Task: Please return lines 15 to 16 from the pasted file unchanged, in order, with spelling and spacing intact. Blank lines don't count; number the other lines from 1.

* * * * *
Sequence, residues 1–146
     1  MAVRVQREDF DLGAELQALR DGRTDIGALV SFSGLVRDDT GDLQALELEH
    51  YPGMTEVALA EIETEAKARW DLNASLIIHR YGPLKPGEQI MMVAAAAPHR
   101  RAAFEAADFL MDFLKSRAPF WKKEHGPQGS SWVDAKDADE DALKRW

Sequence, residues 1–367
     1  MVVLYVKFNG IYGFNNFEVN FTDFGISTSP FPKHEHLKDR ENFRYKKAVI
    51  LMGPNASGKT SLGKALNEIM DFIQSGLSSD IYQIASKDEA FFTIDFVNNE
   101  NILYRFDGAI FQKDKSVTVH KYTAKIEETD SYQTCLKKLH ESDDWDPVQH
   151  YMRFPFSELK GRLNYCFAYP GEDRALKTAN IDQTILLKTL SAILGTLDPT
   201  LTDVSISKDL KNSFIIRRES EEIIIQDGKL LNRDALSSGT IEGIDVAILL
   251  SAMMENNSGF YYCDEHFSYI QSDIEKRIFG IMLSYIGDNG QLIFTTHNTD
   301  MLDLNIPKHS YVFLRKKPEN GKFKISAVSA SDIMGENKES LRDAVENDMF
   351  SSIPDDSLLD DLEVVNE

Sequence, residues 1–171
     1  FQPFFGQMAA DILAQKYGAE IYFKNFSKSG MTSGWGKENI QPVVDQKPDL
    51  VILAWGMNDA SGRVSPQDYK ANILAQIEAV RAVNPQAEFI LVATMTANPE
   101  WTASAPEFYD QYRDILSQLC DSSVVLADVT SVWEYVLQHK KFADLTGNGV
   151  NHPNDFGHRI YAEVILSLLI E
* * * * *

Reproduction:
     1  FQPFFGQMAA DILAQKYGAE IYFKNFSKSG MTSGWGKENI QPVVDQKPDL
    51  VILAWGMNDA SGRVSPQDYK ANILAQIEAV RAVNPQAEFI LVATMTANPE